LONDON (Reuters) - Euro zone government bond yields were set to end the first trading week of the year with their biggest weekly rise in at least a month, a sign that a pick-up in inflation is starting to unnerve bond investors.
The start of 2017 has been dominated by investor worries that rising inflation could erode the value of bonds, pushing yields - which move in the opposite direction to prices - sharply higher.
The trigger for those concerns has been data suggesting that price pressures are increasing, a sharp contrast to a year ago when deflation risks loomed large.
Data on Tuesday showing inflation in Germany, the euro zone’s biggest economy, touched its highest level in more than three years in December was followed on Wednesday by news that consumer prices in the bloc rose by 1.1 percent last month, nearly twice as fast as in November.
In addition, oil prices hit an 18-month high on Tuesday and were trading close to those levels on Friday.
“The flash estimates of inflation in December, especially in Germany, surprised to the upside,” said Chris Scicluna, head of economic research at Daiwa Capital Markets.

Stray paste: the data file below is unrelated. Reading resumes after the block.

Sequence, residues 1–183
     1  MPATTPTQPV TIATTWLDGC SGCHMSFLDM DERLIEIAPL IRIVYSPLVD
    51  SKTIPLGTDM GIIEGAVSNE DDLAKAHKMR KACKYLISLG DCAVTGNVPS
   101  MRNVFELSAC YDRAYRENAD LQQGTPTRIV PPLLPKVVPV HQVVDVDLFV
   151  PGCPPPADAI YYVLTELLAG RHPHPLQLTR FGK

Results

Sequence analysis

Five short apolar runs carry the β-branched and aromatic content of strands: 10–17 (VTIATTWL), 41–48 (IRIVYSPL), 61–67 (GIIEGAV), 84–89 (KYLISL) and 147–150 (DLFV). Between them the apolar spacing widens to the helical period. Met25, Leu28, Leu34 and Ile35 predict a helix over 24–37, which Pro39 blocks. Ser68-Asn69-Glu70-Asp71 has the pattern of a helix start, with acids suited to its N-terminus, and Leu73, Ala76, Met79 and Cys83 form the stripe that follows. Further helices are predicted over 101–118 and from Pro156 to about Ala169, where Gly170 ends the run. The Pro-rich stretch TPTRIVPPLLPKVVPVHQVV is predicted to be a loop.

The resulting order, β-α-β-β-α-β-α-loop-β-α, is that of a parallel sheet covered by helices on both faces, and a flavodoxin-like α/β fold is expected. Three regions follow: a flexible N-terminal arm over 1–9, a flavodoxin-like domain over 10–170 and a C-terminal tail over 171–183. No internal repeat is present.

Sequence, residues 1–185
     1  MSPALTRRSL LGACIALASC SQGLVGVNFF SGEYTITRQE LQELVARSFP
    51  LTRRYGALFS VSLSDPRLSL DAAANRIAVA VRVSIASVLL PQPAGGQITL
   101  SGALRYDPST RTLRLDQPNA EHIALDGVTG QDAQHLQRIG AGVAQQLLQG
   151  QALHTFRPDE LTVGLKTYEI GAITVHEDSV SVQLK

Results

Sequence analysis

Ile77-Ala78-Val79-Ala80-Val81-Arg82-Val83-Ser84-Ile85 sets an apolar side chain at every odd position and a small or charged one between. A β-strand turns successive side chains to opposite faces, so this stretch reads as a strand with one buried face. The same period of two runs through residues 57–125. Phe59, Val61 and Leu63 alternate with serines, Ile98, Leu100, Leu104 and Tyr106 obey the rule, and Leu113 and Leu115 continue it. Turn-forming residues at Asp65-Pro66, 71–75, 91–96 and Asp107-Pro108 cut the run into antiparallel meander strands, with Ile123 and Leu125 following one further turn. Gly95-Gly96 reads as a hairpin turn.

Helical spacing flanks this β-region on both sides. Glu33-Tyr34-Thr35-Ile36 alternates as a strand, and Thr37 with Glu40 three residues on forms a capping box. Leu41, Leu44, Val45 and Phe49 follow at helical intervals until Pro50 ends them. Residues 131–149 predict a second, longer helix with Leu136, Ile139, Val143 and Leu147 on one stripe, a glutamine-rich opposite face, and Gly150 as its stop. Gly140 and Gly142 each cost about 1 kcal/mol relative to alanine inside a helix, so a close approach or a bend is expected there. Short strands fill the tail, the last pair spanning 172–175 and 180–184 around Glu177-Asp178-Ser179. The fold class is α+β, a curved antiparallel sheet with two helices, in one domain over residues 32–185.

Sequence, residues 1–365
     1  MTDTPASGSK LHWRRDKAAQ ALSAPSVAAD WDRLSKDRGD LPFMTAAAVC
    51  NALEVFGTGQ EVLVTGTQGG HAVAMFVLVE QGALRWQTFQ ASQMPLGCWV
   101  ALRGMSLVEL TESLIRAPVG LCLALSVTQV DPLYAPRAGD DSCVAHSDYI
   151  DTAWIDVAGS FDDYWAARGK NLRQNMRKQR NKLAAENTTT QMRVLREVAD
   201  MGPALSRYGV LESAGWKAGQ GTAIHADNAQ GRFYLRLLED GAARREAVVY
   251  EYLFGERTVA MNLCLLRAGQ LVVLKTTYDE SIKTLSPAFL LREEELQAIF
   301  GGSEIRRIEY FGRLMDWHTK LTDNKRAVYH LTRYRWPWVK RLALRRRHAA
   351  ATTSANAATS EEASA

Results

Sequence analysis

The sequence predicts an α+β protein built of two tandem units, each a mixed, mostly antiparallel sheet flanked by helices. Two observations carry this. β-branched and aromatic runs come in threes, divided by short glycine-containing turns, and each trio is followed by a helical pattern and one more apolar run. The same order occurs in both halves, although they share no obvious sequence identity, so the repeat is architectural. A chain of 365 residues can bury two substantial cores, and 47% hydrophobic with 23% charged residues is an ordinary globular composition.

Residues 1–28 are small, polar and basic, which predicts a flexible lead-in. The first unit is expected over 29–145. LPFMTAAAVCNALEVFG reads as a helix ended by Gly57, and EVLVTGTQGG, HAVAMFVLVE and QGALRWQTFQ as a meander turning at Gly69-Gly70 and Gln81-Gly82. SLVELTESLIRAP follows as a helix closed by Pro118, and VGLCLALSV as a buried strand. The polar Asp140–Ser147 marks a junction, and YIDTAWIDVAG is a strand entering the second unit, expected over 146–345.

“Even though the ECB’s policy is pre-determined until the end of the year, headline inflation will continue to rise, so the risks to yields are on the upside.”
The European Central Bank’s asset purchase programme runs through to the end of 2017.
Germany’s 10-year Bund yield, the benchmark in the single currency bloc, was at 0.25 percent, steady on the day and about 4 basis points higher this week - the first weekly rise in a month.
Many banks expect Bund yields to end the year around 0.8 percent.
French, Irish and Austrian 10-year bond yields were all set for their biggest weekly rise in almost two months. Portugal’s 10-year bond yield, meanwhile, held close to an 11-month high above 4 percent hit on Thursday.
Euro zone bond yields are facing upward pressure from hefty supply as well - January is one of the busiest months of the year for debt auctions in the region.
France and Spain sold more than 13 billion euros worth of debt on Thursday, while Germany kicks off its bond funding for 2017 next week.
The rise in euro zone yields this week also contrasts with U.S. Treasury yields, which fell broadly on Thursday as investors grew risk-averse amid uncertainty about the incoming Trump administration.
Focus was expected to turn to U.S. economic growth prospects later on Friday with the release of non-farm payrolls data.
Reporting by Dhara Ranasinghe; Editing by Mark Heinrich